When we return to Dartmoor this September, work will begin in earnest on our first proper Hedgespoken Theatre show, which we intend to debut over the winter in Dartmoor, and then take on the road the following summer of 2017. There is much brewing beneath the surface with regards to the Hedgespoken theatre, and we will tell you of that in time, but for now, I will tell you of our rudimentary summer plans:
We intend by hook or by crook to make it to our favourite fair Weird and Wonderful Wood in Suffolk on May 14th and 15th, which will begin our season for us. We plan to travel diagonally from Devon to Suffolk and are giving ourselves just under two weeks (with stops) to make the journey. From there, we will linger in East Anglia for a while, and attend the Wild Tree Fair not far away a fortnight later. Then, when it’s time to head on, we’ll wend our way south, skirting London, and heading into Kent. Then our road will take us slowly back west again, through Sussex, Hampshire, Wiltshire, Gloucestershire and more… to the Green Gathering in Chepstow in August and thence to Base Camp – a new gathering of the Dark Mountain Project, to be held at the wonderful Embercombe. More festivals may be added to this list as we go, but for now, we shall take to the road and see how it goes and where it takes us. We’ll stop to see friends and family and take our time.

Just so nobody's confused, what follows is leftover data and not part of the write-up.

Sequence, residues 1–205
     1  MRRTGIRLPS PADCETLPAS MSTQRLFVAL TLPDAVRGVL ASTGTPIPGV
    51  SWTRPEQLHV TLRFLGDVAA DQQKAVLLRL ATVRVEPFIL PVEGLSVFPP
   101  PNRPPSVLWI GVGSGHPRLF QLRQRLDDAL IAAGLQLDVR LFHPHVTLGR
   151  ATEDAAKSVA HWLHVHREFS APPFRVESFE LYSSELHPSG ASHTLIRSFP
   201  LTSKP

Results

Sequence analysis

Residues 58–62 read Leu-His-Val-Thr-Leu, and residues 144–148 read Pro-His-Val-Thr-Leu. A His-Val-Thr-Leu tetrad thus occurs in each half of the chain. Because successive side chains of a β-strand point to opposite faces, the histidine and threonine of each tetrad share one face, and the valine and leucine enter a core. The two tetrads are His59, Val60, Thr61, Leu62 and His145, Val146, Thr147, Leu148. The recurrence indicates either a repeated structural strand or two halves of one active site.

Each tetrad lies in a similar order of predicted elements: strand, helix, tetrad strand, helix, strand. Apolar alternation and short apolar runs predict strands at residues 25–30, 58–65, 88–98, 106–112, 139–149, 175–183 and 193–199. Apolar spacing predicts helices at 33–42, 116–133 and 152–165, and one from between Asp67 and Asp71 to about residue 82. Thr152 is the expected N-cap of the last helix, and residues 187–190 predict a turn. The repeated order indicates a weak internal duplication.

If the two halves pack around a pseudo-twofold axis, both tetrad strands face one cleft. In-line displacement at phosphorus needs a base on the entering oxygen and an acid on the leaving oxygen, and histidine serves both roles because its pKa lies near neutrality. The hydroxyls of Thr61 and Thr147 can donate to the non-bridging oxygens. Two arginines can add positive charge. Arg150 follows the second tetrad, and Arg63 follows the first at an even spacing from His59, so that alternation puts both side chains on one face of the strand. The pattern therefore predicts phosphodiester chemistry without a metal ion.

Should you live along our route and have a green spot with a wide enough gate and a tap where you’d be willing to let us park for a few nights, we’d really love to hear from you. Likewise if you know of any wondrous fairs or gatherings along our route and up our street, do let us know! And should you wish to help us keep our big wheels rolling, you can keep on buying books and calendars from the Hedgespoken Press shop, or throw a coin our way here, it would really help right now:
We are looking forward to sitting on our porch as the dusk draws in, surrounded by the coos and chirps of birds coming in to roost in tree branches as high as we are, in the blue evening light and the cool green summer air, a glass of wine on the bench and dinner on the stove, little one asleep just at our backs in the truck. Perhaps we are parked in a little lane on the way somewhere and have found a wide secluded place to pull in, sheltered by trees. Perhaps we can stay there for a few days because the farmer is welcoming and interested when he comes by the next morning whilst we drink tea and make lego caravans. Those beloved mornings of warm sun rising over dewy grass, outlining hedgerow cobwebs are what our imaginations now reach for. A world of possible turns and roads to take lies ahead, but we are always home wherever we go now, and so we don’t have to go back.